The second, book, Ariagne (yes, it is Ariagne and not Ariadne) is mainly set in Cairo and seems to me a less interesting book. The book actually starts in the Libyan desert after the battle of El Alamein. Manos is driving in a decrepit lorry with his friend Michalis through the desert. Hr has been agonising over the dilemma of what is most important – to live life or to record it, the two being incompatible. The lorry breaks down and Michalis has to go off to Benghazi (hitching a ride from some Australians) to get a spare part, while Manos has to guard the lorry. Unfortunately, a German plane bombs the area and Manos is injured. Michalis is able to rescue him and get him to a hospital but he is in a bad way. To recuperate he moves in with Ariagne, who happens to be Michalis’ mother, who lives in Cairo with her husband, Dionysis, and their six children. Despite having her own children to look after, she takes good care of Manos. The children, who are apparently based on the children Tsirkas knew as a child, and their activities are a key point of this book. They are in and out all the time and often up to something, including black market and spying. The main thrust of this book, however, is the highly convoluted intra-Greek disputes, relating to what the nature of the Greek government should be. There seem to be numerous points of view as to what is right and what is not. Manos himself, while left-wing and somewhat sympathetic to the Communists, is definitely not communist and very much opposed to a Stalinist approach. However, from his perspective, there seems little choice but to support the Communists if the Fascists are to be overthrown. Plots and counter-plots abound. Indeed, even Ariagne’s children have differing views on what is the right side. The immediate priority of the Greeks, of course, is to get the Germans out of Greece, which is why many Greeks fought for the Allies at El Alamein. However, they feel quite strongly that, after the Germans and the Greek Fascists, the main enemy is undoubtedly the British, as Churchill supports the Fascists and a monarchy. When one of the British – a homosexual called Robbie Richards – tries to support the left-wing Greeks, he is brutally punished by them.

The final book – The Bat – carries on in the same vein. The British carry the war to the Greeks, disarming the Second Brigade. Indeed, as one of the Greeks says Hitler or Churchill – not much to choose between them. The focus is still on Manos. We had met Lady Nancy Campbell in the previous book. She is separated from her husband, Sir Charles. She had gone to Cairo with her lover, Ron. Sadly, he is killed at El Alamein but she has a backup – Manos. Though we know where he is, neither Lady Nancy nor Major Peter (we never learn his surname) of British Intelligence, who is trying to track him down, know. Peter, who is aware of Lady Nancy’s attraction for Manos, tries to warn her off, telling her that the British attraction for the Greeks, based on British classical education, is flawed. Do not get yourself involved in Greek politics he tells her. Do not allow yourself to be carried away by your love of the classic, by the humanistic passion bred in us by our universities. He cites the example of Robbie Richards (who, by this time, is dead) as an example. She ignores him. Indeed, she gets more and more involved. The other key element of this book is Manos meeting his relatives. His mother was originally from Alexandria and his parents married there before moving to Athens. He tracks down obscure relatives and we learn the story of his family, how they came to Alexandria after the Chios earthquake. They also are involved in the Greek independence movement. Things get out of hand as the British behave even worse than they did before. A brief epilogue set in 1954 brings us sort of up to date.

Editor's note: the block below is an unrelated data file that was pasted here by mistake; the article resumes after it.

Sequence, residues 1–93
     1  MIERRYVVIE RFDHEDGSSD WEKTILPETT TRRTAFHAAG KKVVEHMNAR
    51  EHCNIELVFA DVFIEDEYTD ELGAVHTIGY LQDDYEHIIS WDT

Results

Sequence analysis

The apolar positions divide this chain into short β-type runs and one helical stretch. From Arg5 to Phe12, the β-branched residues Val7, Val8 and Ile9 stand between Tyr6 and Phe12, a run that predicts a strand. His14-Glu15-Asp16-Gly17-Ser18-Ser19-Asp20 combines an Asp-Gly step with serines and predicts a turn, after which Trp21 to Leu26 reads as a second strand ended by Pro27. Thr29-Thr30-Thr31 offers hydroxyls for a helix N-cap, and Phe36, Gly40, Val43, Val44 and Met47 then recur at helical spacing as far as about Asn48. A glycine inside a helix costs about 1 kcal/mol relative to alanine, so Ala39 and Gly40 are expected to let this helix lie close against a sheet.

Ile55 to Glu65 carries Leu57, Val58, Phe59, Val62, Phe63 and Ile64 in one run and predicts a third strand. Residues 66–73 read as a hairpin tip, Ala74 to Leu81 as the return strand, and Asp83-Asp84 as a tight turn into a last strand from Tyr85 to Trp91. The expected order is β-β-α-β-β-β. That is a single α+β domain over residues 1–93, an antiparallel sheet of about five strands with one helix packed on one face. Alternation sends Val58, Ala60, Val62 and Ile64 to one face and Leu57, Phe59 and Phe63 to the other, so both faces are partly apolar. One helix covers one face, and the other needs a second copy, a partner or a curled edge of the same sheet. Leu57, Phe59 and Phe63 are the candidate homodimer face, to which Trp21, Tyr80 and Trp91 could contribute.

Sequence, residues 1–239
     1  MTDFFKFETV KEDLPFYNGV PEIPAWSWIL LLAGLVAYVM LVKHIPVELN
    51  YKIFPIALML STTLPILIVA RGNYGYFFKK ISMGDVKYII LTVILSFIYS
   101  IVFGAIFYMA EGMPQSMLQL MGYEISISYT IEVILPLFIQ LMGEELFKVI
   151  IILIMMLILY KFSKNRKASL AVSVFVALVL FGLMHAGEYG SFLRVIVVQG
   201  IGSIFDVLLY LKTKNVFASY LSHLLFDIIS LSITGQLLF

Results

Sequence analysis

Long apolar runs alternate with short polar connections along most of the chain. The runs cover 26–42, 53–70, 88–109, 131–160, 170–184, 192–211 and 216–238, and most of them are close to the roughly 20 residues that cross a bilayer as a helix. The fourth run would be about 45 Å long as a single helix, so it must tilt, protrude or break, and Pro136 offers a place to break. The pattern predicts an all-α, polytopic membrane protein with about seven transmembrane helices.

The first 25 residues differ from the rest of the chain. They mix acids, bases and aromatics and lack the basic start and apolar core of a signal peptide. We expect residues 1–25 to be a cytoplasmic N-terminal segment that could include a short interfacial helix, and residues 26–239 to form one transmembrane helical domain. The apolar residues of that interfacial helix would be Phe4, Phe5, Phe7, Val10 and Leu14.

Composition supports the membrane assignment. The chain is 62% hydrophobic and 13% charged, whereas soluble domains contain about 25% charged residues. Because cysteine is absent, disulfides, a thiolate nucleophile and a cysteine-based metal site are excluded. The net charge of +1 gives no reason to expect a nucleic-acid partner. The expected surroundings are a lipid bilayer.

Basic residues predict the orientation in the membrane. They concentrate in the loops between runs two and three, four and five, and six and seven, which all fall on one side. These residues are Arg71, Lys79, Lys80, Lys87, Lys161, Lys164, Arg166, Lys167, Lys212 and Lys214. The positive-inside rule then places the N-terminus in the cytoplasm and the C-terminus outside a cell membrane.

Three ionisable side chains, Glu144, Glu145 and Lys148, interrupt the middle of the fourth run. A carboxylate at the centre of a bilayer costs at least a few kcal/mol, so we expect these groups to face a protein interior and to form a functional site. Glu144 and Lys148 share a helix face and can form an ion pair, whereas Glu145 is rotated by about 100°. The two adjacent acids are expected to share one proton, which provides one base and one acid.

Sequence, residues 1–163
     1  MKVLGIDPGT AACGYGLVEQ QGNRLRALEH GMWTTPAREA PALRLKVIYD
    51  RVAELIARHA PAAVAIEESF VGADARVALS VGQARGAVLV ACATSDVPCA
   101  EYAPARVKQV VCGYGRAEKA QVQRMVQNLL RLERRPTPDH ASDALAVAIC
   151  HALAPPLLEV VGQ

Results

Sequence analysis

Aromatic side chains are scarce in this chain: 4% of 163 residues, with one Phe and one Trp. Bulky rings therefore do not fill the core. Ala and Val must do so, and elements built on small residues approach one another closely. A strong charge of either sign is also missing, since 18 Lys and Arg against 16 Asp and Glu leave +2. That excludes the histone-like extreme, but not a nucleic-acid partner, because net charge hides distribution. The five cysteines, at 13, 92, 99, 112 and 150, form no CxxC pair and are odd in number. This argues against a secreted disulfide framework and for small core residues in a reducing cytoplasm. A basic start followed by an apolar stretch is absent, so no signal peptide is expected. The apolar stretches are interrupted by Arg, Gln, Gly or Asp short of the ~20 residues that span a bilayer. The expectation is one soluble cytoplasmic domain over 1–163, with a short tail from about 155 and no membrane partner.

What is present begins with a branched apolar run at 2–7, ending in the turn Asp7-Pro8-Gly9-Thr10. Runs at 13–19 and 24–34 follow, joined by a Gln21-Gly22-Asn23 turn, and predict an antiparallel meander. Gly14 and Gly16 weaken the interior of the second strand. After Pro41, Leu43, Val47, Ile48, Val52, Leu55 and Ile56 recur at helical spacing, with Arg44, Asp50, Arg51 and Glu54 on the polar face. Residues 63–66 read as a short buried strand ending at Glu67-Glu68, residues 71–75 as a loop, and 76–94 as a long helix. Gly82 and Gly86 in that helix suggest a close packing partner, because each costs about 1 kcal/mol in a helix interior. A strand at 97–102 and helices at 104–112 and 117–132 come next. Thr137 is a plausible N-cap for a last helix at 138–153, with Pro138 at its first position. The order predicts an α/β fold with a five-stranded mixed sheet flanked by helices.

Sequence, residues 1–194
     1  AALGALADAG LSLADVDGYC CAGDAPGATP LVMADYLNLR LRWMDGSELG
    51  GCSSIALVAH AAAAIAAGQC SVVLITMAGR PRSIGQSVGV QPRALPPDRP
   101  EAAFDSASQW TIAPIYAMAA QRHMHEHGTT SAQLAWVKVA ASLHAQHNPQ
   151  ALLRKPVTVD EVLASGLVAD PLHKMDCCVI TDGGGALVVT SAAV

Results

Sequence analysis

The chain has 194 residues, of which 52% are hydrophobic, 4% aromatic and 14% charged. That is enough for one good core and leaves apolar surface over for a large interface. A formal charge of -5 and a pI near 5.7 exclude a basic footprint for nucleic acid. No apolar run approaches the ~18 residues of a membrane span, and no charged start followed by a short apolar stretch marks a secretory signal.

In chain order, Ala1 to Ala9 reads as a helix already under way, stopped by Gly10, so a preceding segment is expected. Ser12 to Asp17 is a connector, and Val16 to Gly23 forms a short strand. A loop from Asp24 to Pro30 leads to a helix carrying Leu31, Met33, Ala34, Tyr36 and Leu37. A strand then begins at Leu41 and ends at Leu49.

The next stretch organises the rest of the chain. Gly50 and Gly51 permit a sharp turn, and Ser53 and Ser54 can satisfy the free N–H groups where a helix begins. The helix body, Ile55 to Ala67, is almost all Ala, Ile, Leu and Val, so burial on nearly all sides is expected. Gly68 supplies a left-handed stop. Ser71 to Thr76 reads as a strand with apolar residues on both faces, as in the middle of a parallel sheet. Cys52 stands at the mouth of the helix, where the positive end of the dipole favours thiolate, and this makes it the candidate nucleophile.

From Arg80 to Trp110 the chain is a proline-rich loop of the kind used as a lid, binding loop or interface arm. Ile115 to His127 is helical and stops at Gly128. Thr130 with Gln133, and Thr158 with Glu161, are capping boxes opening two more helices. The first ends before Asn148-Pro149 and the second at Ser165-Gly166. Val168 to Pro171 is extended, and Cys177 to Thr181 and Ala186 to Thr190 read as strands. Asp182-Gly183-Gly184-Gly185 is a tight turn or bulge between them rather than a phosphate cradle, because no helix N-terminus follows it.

If you are not intimately familiar with the intricacies of Greek politics of the 1940s, you might find some of what is going in somewhat confusing but you can still enjoy this trilogy even if you are totally ignorant of the political situation, as most English-language readers will be. The key person is Manos, a humanist, a leftist but not a Communist. He faces the issues others have faced in similar situations. Do you support a group with which you have some sympathies but disagree on many points, when it is the only viable opposition to the real enemy? How you reconcile the fact you are essentially an artist and a thinker with the need for action? And where does your personal life come in? Do you abandon it or struggle to reconcile the two? There are no easy answers. Tsirkas tells his story well, even though we may struggle with the political machinations, in portraying the struggle for a nation, with a long history, to reinvent itself, in the face of not one but two external enemies (the Germans and the British) as well as many internal enemies. This book has pretty well disappeared from the list of modern novels to be read as has, sadly, pretty well all modern Greek literature with the exception of Kazantzakis, but I can certianly recommend this one, particularly if you enjoyed the Alexandria Quartet.

Publishing history

First published 1960-65 by Kedros, Athens
First English translation 1974 by Knopf